Grant Findlay, director of business development and work winning at Sir Robert McAlpine, said of the tie-up: “We are always quietly evolving and that’s why we’re so delighted to be collaborating with ReGen Villages. The potential for being able to replicate and scale self-reliant communities is an important commitment in engineering and building for the benefit of people and planet.”

He added: “Our work with ReGen Villages helps us to visualise a better future with sustainable benefits for future generations and to support our clients in their efforts to go beyond building.”

Planning for its first pilot community – in Almere, the Netherlands – was approved in July 2018, with a masterplan for 203 homes in a country famed for its innovative housing projects. The firm also has agreements in place for development projects across northern Europe, including the UK, Sweden, Denmark and Norway, as well as the USA and Asia.

For its first project in Almere – part of the Oosterworld District - it has filed to reserve new land to realise more homes and better affordability. Assuming this new reservation is granted, the firm hopes to break ground at some point in 2020.

Originally, the 50-acre Dutch development was planned for construction in 2017, but it faced strict building regulations which made building on the farmland – just 30 minutes from Amsterdam – very tricky. That all changed in July 2018 when the infrastructure permits were approved, which now makes the construction of the new neighbourhood more likely.

The current farmland is set to be transformed into an area with new canals, ponds, gardens, trees and food forests, as well as vertical farmland in greenhouses to grow food with a low carbon footprint.

Eco-villages – will they soon be mainstream?

The new homes are expected to cost between €200,000 to €850,000, with walking and cycling prioritised and the provision of electric cars on the outskirts of the new neighbourhood, which could then store extra power from the development’s solar panels and other sources of renewable energy.  

The plans are a joint venture between ReGen Villages and Dutch holding company B.V.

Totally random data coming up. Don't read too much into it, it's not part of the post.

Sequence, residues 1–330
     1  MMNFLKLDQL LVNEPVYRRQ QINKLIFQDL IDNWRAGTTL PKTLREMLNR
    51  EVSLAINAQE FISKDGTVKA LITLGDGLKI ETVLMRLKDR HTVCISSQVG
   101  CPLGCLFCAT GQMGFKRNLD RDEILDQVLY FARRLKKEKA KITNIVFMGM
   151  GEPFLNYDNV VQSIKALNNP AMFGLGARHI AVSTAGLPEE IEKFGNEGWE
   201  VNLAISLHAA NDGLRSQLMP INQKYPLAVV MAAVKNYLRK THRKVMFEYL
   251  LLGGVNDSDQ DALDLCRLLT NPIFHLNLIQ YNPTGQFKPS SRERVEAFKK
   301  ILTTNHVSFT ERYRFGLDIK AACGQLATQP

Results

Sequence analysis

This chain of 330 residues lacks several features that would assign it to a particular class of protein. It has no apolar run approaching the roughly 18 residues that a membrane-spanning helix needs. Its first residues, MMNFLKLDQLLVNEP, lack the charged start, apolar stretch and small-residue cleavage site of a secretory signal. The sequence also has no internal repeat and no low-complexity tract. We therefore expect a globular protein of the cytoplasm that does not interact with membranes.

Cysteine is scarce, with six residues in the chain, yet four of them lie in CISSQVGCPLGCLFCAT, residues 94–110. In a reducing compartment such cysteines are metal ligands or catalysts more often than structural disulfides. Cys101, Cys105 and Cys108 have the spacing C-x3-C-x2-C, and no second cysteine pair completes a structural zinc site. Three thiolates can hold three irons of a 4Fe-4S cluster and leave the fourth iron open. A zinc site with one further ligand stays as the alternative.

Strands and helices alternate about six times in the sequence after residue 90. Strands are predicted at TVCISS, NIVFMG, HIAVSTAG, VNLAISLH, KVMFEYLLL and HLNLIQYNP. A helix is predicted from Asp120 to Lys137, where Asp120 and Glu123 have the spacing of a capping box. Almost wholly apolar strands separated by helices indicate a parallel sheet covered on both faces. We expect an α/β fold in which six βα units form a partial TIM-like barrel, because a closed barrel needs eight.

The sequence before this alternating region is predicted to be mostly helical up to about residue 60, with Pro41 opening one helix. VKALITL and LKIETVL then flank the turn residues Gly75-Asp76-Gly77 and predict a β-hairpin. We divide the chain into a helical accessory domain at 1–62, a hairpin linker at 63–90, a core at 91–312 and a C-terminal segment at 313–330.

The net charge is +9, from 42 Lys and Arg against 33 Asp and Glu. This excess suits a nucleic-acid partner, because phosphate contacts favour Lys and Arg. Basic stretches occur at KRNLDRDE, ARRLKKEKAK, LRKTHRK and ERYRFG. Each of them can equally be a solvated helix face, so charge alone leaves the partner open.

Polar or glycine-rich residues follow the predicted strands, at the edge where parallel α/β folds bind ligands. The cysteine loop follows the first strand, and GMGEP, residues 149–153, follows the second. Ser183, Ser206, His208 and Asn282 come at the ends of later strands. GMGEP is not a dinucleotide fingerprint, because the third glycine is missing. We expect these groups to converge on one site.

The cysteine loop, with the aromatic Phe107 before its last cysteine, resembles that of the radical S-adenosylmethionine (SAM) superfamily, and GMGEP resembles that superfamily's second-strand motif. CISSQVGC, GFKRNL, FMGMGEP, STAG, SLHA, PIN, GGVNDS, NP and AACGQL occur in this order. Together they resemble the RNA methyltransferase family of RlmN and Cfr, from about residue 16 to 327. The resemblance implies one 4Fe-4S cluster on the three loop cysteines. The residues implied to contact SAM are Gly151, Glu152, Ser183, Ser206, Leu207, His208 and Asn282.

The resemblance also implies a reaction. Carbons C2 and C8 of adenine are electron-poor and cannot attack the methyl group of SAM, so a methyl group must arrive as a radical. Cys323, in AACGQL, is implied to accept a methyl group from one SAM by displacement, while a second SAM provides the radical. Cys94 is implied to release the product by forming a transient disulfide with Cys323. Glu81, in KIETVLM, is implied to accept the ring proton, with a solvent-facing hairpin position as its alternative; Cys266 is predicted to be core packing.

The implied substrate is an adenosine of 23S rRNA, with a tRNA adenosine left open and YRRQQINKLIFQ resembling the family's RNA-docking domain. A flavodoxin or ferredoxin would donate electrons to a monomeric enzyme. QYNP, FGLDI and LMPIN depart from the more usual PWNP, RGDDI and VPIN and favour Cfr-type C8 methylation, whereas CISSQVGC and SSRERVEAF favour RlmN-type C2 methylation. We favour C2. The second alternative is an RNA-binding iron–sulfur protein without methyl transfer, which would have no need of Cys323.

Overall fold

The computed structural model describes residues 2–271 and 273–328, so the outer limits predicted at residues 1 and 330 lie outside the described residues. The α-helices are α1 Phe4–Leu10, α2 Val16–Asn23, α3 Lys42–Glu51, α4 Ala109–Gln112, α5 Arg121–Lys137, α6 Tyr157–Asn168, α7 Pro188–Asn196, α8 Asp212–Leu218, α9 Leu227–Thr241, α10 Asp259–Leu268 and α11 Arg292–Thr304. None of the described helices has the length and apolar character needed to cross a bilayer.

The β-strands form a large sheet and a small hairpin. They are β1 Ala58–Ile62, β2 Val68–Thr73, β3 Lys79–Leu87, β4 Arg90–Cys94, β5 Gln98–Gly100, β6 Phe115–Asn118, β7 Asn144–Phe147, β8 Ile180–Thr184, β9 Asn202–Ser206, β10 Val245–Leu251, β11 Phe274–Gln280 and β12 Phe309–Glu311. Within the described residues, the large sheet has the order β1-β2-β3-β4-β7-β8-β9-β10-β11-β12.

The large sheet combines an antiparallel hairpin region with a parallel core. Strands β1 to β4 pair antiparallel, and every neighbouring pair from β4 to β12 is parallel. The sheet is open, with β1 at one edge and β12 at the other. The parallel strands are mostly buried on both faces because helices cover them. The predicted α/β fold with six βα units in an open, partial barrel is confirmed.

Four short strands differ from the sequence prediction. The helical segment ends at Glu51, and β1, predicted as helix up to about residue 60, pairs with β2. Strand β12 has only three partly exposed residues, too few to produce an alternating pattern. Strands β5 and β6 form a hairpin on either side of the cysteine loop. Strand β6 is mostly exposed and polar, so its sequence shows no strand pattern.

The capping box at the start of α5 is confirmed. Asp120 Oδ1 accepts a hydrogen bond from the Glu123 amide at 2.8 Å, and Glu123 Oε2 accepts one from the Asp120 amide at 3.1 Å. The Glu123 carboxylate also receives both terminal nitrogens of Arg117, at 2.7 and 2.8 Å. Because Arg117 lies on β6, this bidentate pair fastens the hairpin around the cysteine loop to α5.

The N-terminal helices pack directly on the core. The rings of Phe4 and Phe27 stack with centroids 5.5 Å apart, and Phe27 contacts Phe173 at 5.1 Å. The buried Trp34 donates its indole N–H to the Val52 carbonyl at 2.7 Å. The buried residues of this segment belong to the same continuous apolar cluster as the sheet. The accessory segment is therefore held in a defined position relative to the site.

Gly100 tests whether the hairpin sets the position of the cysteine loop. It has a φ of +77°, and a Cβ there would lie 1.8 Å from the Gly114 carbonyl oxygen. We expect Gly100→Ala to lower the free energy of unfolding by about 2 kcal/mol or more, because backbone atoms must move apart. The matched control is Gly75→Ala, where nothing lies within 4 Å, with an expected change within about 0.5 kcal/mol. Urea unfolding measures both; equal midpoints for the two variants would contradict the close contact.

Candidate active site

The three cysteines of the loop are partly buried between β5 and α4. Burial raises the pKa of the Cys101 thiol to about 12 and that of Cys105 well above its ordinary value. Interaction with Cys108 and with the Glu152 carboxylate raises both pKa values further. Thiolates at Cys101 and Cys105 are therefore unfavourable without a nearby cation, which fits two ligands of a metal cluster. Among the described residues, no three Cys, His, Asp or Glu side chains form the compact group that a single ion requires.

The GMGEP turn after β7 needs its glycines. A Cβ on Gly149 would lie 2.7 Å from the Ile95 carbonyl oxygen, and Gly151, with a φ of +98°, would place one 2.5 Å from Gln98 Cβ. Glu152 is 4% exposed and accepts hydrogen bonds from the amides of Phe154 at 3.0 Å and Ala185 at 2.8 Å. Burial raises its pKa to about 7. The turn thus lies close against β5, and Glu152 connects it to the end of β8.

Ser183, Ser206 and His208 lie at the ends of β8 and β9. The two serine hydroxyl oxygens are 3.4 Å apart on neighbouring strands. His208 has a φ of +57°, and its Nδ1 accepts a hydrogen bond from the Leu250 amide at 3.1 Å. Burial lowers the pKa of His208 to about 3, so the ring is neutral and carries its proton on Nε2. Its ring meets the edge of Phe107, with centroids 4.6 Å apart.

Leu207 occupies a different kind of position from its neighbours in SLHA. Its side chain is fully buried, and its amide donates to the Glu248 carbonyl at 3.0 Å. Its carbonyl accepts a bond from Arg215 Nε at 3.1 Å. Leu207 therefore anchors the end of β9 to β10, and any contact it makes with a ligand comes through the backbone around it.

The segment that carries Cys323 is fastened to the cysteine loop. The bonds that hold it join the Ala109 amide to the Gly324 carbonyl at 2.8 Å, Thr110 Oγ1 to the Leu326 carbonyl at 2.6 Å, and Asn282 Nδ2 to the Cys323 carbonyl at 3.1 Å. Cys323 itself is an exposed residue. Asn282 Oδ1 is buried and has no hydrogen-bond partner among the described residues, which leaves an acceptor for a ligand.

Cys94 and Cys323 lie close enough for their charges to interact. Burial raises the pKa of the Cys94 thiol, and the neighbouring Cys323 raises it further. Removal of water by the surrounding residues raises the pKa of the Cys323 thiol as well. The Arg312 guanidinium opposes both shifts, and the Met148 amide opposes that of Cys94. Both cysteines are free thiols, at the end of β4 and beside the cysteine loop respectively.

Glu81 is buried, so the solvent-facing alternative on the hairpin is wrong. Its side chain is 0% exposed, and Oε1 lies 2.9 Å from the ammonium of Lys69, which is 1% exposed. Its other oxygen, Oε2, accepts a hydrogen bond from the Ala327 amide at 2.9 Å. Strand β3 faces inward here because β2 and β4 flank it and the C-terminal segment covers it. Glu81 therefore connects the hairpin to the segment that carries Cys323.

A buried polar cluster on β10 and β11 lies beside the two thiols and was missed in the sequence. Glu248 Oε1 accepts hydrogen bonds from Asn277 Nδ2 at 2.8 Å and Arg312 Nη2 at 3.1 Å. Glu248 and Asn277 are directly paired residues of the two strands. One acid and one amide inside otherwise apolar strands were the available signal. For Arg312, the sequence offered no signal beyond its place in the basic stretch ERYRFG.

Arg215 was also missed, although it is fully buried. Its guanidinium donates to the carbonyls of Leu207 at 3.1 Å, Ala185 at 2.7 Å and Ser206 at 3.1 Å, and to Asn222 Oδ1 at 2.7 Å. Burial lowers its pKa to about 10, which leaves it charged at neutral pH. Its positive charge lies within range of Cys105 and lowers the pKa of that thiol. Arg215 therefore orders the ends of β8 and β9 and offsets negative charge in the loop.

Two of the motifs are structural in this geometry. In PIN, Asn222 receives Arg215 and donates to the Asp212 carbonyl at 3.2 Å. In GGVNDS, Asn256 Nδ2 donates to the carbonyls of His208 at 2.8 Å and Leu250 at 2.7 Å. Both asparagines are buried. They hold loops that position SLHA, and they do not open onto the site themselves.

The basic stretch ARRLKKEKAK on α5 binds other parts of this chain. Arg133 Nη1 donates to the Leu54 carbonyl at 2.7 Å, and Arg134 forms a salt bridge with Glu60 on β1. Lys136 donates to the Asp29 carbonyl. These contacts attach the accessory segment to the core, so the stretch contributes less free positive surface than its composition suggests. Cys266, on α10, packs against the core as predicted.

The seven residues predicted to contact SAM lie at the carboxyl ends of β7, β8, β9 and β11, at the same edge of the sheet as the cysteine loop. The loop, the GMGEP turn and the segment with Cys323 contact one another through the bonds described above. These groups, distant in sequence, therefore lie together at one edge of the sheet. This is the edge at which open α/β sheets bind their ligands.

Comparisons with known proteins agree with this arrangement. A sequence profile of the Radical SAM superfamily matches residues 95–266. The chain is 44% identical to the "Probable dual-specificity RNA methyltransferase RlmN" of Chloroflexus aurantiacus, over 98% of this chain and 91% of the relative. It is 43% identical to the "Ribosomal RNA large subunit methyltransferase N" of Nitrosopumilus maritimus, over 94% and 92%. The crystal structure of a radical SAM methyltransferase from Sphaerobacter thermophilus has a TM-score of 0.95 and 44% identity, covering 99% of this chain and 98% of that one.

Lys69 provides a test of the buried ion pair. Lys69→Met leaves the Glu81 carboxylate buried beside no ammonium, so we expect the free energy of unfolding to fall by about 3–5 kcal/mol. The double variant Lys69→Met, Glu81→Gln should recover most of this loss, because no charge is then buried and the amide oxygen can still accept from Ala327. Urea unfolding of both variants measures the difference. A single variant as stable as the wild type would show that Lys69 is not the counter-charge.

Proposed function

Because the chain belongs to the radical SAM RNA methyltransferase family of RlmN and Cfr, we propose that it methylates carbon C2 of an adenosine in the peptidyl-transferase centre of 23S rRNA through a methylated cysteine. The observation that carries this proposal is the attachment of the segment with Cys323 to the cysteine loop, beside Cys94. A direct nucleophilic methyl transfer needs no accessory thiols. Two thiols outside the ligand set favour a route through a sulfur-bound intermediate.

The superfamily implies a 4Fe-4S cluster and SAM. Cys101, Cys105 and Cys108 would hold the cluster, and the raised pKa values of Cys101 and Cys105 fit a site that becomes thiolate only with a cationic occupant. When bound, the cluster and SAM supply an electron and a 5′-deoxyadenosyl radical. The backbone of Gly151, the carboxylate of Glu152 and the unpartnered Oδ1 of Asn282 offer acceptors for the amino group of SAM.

A niche market or part of something bigger?

While eco-villages are highly niche at present, they may become more widespread as the climate crisis worsens and the demand for sustainable housing solutions grows – and it could be those who embrace them in their early stages that reap the biggest rewards.

In this very publication, we’ve recently covered the ongoing creation of a green neighbourhood in Norway – based on eco-friendly, sustainable construction methods – the growing number of eco-friendly developments in the UK and the topping out of a botanical development in Canary Wharf.

There are also a number of smaller eco-villages and eco-towns across the UK, from Findhorn in Scotland to Lammas in Pembrokeshire and the Wintles in Shropshire.  

That said, eco-villages are still very much the exception rather than the norm. BedZed, situated between Mitcham Junction and Hackbridge in South London, was the UK’s first large-scale eco-village when it opened in 2002 – and has proved to be an inspiration for zero-carbon homes worldwide since – but the trend hasn’t really caught on. The Netherlands, Germany and the Scandinavian countries have generally embraced innovative housing models with far more enthusiasm.

Eco-villages – will they soon be mainstream?

At the very least, though, sustainability and eco-friendliness are becoming things that now matter a great deal to big developers, housebuilders, architects, designers and constructors – not to mention the UK’s local and national governments.

Homes are now built with these things in mind, and tenants/buyers tend to demand homes which score highly on their green credentials. This is only likely to grow as awareness and coverage of environmental issues becomes greater than ever.  

It’s impossible to say for sure what Sir Robert McAlpine, the construction industry or the property market more generally will look like in 150 years, but there is a good chance it will be greener and more sustainable than ever before. Construction methods are also likely to be more automated and AI-led than we can currently fathom, but whether eco-villages will be mainstream in 2169 is less clear-cut.